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February CPR Newsletter: Loving The College Search?

Hello fellow parent, and welcome!

The Valentine’s Day love fest has come and gone, flowers delivered, chocolate consumed. And now, as seniors wait for admission notifications, juniors begin scheduling college visits, many in hopes of finding their one true love college of their dreams.

Big mistake. And a set-up for heartbreak.

There are many colleges that will work for your child, so my Cardinal Rule: No falling in love on the college search!

Don’t fall in love with your tour guide who will likely be adorable, as tour guides are chosen for their charm as well as knowledge and enthusiasm for the college you’re touring. Meet as many representatives of the college as possible, not just the one. Otherwise, your child might rule in (or out) a college that’s right (or wrong) for them based on their impression of a single person (who was trained by the college to sell it).

Don’t fall in love with everything you hear in the info session, which will be helpful but also a sales pitch presented by an employee of the college. Listen closely for all the factors I enumerate in College Admissions Cracked, and then compare your findings with other colleges of interest. You’ll find that many colleges offer the same curriculum style (liberal arts colleges with distribution requirements are practically interchangeable) or a fancy new gym (which is inconsequential if your child will spend most of their time in the run-down arts center).

Don’t fall in love with the look of the campus, not too difficult during this dreary February in New England, but more students than I can count judge a school solely on the architecture. They think they want a college that feels like a Medieval fortress or they’re attracted to a sleek, modern look, neither of which have a stitch to do with the people they’ll meet or education they’ll experience within those buildings.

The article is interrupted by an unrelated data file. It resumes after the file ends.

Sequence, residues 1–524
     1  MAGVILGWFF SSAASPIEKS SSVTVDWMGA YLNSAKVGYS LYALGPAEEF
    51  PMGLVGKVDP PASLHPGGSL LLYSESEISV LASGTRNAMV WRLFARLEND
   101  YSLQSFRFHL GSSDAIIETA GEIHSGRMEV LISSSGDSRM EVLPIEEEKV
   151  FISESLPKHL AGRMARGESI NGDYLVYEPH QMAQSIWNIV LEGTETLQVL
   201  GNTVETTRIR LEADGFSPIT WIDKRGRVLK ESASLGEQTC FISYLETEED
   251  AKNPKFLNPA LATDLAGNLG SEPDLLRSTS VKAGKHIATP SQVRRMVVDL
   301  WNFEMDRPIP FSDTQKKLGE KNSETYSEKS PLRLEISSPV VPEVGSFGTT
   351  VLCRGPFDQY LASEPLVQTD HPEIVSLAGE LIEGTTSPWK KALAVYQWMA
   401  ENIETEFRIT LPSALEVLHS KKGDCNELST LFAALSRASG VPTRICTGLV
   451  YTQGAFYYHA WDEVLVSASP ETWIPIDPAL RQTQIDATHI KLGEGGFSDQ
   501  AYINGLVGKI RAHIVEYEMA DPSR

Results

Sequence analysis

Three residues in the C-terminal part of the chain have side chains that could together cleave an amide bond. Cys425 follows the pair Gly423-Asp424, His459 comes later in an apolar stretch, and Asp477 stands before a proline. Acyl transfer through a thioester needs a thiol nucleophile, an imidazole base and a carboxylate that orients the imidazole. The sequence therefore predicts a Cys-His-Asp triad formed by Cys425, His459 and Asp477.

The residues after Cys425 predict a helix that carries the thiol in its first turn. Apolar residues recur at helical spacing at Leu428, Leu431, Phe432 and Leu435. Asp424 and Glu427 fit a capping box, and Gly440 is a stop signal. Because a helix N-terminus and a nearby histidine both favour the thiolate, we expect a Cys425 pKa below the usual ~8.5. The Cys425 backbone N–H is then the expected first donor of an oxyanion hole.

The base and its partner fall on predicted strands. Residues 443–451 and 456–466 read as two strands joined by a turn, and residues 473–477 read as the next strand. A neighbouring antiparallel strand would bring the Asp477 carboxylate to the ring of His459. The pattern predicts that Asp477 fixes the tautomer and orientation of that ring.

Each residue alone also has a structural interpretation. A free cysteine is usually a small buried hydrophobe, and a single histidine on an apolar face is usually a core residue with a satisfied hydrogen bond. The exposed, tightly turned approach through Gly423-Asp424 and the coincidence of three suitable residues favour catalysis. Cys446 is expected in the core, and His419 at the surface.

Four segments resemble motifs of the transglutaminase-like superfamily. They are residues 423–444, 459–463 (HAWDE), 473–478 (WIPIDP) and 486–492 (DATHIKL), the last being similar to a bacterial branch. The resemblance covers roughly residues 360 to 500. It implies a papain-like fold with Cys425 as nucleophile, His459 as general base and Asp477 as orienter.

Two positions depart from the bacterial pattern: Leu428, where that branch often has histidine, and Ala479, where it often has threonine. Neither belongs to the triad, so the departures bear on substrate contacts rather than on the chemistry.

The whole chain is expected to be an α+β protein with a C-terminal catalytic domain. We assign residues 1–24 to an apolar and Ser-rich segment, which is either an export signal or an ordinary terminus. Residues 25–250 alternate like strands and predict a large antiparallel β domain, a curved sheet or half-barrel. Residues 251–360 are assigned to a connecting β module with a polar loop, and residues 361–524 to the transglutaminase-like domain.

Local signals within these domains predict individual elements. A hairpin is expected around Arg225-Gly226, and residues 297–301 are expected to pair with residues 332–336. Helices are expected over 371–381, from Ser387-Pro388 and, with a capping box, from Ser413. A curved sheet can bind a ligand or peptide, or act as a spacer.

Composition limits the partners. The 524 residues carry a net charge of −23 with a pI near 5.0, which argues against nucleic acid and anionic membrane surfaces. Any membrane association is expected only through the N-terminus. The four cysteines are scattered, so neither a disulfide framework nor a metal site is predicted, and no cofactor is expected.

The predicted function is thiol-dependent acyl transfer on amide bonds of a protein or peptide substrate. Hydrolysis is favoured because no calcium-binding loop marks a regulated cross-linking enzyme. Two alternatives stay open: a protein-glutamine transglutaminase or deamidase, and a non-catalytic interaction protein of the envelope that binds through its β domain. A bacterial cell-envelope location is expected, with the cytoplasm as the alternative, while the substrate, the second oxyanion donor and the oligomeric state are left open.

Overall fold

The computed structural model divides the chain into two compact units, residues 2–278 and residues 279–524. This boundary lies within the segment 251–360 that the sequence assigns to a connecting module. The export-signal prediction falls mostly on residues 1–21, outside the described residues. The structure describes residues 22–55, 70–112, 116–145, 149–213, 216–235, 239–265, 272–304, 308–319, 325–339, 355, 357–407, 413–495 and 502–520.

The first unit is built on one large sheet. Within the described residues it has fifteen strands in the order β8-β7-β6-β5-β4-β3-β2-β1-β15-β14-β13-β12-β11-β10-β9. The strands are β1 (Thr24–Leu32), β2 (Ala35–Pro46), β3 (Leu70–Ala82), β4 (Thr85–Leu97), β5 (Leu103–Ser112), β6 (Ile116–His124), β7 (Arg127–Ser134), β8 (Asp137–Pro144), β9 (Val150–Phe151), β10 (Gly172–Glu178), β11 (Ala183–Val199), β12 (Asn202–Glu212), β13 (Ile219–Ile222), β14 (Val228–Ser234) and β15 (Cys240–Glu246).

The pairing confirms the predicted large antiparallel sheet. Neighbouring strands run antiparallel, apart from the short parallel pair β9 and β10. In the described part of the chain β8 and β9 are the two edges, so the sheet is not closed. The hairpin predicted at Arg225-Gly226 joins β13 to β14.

Don’t fall in love with the “feeling” you have while you’re on campus for two hours. Love at first sight happens easily on a sunny spring day strolling through quads full of frisbee-playing youth, not so much on desolate walkways in a blizzard. Extend your college visit by adding a meal in the dining hall, sitting in on a class, or throw an overnight into the mix (your kid in a dorm room, you in a hotel with a spa!). If you can, return during a different time of year if the college becomes a top contender. The longer you know a place (or a person, for that matter), the more their idiosyncrasies begin to emerge, which can be endearing, or not.

Don’t fall in love with the video on the website. I love, love, love that colleges jumped to create an alternative to expensive travel for college visits during the pandemic, and now those videos are a staple on college websites. Enjoy movie night with your child virtually touring a lovely campus, but please remember that the college paid professionals to cast, film, edit, and produce those videos as marketing tools, the same way they hire companies who specialize in photographing, writing, and publishing the enchanting “viewbooks” that arrive in your IRL mailbox five minutes after your child registers for the SAT.

Don’t fall in love with a college’s “ranking.” A new development: Ivy League medical and law schools have begun opting out of participating in the US News College Rankings, and decisions are pending for numerous other graduate AND undergraduate colleges and universities to follow suit. This is good news. The US News is a business with the end goal of accruing revenue, not serving you or your kid. There are so many reasons not to fixate on college rankings while searching for or choosing a college, ranging from unnecessary stress to unnecessary debt to unnecessary family drama to unnecessary heartbreak.

I don’t mean to be a downer. I believe in love! Love grows with commitment, so once your child arrives at their chosen college and takes full advantage of all the fabulous offerings, I predict their college love story will have a happy ending. But while searching, keep your heart open to finding a handful of colleges where your child will blossom instead of letting them get their heart set on just one.

Warmly,

Jill

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